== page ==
US Navy frees Houthi-seized vessel with Bulgarians on board

The United States Central Command confirmed on X ( that a US Navy vessel had freed the M/V Central Park, a commercial vessel reported to have been seized earlier by the Iran-backed Houthi movement, with missiles fired from the Houthi-controlled shore at an area in which the Navy vessel and the tanker were sailing.

Bulgaria’s Foreign Ministry said on November 26 that there were Bulgarian citizens in the crew of the tanker, which was seized off the coast of Aden, Yemen.

On November 19, a spokesman for the Houthi movement, Yahya Sarea, said that the group would attack all ships owned or operated by Israeli companies or flying the Israeli flag, the Jerusalem Post reported. That day, the Houthi movement hijacked a Bulgarian-captained vessel reported to be ultimately Israeli-owned.

US Central Command said that on November 26, the USS Mason, with allied ships from the coalition counter-piracy task force, and associated aircraft responded to a distress call from the Central Park, that they were under attack by an unknown entity.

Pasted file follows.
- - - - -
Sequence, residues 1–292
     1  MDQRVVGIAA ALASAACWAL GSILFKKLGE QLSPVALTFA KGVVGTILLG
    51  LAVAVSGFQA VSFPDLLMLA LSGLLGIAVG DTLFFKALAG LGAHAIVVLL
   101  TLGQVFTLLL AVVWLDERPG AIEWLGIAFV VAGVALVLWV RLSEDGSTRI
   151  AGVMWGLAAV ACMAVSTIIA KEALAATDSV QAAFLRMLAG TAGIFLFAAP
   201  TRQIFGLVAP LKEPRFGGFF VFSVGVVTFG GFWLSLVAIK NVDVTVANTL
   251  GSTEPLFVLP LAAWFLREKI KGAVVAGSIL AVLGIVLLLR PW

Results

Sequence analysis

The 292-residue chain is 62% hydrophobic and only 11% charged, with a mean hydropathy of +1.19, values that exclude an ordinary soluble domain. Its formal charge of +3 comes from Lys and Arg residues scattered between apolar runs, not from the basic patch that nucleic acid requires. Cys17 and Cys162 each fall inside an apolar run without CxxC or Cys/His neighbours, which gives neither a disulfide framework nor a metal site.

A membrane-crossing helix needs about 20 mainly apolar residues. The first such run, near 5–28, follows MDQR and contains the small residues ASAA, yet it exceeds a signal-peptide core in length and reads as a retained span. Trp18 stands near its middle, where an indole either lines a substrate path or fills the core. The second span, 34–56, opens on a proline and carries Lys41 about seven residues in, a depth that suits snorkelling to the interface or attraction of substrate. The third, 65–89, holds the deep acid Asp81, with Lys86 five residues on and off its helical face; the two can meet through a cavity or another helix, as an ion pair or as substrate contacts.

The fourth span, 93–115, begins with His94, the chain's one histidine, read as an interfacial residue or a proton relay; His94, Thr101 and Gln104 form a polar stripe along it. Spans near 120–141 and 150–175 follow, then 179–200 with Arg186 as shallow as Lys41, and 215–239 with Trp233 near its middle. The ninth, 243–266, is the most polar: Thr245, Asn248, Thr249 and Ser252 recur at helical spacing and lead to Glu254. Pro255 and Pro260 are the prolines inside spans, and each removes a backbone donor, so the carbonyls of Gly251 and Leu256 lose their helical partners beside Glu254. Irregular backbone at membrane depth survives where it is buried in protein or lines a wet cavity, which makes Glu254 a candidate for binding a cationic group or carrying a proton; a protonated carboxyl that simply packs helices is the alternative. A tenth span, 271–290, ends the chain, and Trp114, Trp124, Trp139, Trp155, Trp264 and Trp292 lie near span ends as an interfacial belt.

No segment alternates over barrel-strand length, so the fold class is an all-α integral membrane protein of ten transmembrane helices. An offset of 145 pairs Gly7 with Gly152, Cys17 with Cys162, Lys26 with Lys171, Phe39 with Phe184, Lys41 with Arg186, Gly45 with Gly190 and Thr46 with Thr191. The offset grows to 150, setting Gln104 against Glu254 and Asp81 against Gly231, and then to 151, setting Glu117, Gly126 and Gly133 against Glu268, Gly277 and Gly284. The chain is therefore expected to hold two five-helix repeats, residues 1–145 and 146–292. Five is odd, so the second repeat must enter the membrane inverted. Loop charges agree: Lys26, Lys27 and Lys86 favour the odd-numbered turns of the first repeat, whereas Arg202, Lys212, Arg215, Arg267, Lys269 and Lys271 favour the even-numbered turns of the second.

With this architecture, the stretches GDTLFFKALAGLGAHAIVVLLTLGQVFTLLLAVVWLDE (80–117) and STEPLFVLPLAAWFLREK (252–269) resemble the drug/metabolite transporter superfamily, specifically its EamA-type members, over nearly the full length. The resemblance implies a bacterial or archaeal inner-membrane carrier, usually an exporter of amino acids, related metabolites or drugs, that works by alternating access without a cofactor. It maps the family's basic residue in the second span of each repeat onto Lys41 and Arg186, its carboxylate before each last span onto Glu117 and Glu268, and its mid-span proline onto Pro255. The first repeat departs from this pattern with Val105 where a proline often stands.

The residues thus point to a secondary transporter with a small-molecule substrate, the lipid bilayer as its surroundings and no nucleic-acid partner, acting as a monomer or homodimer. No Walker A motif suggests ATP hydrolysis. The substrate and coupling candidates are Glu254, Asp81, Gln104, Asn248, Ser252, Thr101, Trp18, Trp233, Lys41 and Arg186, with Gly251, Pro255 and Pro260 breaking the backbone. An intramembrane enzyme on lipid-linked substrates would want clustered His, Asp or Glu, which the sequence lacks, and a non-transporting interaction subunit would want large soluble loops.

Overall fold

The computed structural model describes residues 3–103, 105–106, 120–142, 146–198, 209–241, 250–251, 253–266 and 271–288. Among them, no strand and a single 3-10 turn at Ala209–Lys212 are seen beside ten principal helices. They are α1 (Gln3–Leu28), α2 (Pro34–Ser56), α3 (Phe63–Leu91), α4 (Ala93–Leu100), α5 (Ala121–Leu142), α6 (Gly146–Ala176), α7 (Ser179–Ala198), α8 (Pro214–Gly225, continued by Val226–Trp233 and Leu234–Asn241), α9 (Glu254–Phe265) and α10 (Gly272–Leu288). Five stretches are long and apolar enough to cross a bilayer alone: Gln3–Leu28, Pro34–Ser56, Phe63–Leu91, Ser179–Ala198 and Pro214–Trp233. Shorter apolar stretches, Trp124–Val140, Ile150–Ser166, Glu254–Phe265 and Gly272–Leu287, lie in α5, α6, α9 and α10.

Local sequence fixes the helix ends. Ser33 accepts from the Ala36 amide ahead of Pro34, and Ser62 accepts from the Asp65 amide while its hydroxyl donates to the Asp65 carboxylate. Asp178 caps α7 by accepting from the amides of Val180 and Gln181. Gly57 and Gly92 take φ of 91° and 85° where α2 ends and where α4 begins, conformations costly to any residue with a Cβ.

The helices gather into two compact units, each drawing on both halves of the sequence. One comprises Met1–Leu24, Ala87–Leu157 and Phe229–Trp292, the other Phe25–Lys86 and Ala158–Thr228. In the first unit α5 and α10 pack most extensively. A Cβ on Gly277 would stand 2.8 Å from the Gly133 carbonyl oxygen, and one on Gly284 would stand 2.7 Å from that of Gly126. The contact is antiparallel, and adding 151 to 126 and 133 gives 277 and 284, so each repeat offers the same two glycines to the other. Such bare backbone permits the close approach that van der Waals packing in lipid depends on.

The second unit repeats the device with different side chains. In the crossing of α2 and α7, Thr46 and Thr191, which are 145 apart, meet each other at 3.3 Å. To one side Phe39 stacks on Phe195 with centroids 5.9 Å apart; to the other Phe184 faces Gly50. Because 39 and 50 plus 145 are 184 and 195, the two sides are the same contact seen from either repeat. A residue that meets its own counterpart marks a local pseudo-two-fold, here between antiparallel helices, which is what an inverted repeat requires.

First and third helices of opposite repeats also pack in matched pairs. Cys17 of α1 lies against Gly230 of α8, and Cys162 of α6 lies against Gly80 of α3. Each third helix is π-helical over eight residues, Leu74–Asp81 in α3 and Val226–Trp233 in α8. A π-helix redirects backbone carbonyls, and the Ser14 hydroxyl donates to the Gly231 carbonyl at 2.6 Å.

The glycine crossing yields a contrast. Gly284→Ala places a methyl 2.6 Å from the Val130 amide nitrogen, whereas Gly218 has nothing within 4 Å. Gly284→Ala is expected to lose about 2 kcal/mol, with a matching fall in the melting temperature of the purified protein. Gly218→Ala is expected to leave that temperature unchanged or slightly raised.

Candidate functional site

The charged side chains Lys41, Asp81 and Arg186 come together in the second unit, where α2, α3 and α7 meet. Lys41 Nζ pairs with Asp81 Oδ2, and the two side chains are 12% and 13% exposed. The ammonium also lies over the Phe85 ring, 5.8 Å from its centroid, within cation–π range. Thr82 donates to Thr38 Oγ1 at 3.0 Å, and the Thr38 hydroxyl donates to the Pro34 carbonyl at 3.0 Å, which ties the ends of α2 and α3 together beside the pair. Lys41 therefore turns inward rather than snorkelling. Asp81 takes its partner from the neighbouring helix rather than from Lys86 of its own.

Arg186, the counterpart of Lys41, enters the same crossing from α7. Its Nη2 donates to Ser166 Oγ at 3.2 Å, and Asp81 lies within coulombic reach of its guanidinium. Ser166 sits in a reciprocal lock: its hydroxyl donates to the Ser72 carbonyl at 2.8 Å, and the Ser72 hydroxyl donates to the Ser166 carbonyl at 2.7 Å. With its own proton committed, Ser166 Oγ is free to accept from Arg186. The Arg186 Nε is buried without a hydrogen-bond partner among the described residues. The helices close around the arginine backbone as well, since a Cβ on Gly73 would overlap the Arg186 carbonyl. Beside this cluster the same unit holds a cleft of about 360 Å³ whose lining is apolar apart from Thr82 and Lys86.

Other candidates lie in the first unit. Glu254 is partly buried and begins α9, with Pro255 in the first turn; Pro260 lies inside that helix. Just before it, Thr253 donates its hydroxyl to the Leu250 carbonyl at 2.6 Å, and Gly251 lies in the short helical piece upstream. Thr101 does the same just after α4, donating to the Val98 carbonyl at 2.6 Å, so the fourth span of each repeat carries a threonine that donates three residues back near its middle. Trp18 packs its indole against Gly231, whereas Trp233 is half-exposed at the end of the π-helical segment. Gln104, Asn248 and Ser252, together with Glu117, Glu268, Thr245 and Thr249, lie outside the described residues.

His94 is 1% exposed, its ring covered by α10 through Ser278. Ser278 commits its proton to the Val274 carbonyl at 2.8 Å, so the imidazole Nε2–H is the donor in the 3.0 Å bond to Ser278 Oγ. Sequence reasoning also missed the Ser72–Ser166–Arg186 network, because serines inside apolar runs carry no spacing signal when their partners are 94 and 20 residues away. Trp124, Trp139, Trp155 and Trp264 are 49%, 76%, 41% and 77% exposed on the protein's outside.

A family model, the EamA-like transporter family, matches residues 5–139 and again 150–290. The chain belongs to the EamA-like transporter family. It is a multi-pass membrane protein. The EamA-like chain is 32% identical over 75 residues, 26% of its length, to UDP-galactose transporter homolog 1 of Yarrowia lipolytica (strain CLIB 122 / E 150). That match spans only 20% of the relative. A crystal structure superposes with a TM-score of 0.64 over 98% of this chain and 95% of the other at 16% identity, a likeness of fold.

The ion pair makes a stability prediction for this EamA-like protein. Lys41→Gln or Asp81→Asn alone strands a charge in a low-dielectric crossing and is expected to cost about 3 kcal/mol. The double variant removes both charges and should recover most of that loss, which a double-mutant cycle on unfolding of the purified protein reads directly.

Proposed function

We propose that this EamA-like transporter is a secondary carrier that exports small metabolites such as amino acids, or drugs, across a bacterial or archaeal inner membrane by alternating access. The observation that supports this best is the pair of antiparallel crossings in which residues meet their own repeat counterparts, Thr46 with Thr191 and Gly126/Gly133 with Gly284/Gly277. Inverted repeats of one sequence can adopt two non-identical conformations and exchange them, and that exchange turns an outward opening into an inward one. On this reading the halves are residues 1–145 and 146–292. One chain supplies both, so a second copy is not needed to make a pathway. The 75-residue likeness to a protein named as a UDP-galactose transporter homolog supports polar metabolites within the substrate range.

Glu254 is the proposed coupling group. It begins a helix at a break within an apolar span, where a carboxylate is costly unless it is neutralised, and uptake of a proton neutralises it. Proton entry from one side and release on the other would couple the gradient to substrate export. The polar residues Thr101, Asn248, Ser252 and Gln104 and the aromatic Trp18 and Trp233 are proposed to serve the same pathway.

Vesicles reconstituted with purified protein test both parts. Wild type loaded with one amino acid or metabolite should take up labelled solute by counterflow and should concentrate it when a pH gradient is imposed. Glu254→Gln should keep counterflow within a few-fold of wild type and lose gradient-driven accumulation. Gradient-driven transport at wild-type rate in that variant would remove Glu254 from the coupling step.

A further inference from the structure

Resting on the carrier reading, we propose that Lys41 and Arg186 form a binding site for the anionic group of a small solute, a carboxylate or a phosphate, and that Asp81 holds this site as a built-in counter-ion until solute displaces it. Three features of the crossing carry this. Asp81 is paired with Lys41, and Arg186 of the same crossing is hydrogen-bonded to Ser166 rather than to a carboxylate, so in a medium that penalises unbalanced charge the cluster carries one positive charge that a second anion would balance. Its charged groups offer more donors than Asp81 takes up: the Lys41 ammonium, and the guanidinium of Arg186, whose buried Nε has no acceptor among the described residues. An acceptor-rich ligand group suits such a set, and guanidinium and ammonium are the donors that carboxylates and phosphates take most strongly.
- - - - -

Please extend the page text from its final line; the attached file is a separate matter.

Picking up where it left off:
Upon arrival, coalition elements demanded release of the vessel, US Central Command said.

Subsequently, five armed individuals debarked the ship and attempted to flee via their small boat.

The Mason pursued the attackers resulting in their eventual surrender, the statement said, adding that the Central Park crew was currently safe.

The statement said that at about 1.41am Sanaa time, two ballistic missiles were fired from Houthi controlled areas in Yemen toward the general location of the Mason and the Central Park.

The missiles landed in the Gulf of Aden about 10 nautical miles from the ships.

The Mason, which is part of the Dwight D. Eisenhower Carrier Strike Group, was concluding its response to the Central Park distress call at the time of the missile launches.

There was no damage or reported injuries from either vessel during this incident.

“Maritime domain security is essential to regional stability,” General Michael Erik Kurilla, USCENTCOM commander, said. “We will continue to work with allies and partners to ensure the safety and security of international shipping lanes.”

The Sofia Globe staff

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